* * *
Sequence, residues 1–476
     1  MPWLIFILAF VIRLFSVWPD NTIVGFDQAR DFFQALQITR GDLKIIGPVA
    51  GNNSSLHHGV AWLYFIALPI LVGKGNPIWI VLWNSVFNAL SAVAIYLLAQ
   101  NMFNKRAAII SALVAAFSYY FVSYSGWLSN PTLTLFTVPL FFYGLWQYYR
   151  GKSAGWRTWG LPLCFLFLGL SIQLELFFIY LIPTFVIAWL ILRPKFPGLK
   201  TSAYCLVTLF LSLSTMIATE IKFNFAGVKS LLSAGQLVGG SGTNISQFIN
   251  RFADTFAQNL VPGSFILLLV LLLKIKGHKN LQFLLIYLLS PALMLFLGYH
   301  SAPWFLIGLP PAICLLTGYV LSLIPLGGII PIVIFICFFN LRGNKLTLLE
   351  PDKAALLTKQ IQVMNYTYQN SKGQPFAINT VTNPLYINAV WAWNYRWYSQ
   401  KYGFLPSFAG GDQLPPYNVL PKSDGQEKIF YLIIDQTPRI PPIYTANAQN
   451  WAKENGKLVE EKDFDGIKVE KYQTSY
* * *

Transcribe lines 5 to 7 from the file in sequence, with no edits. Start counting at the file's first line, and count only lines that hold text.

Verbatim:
   151  GKSAGWRTWG LPLCFLFLGL SIQLELFFIY LIPTFVIAWL ILRPKFPGLK
   201  TSAYCLVTLF LSLSTMIATE IKFNFAGVKS LLSAGQLVGG SGTNISQFIN
   251  RFADTFAQNL VPGSFILLLV LLLKIKGHKN LQFLLIYLLS PALMLFLGYH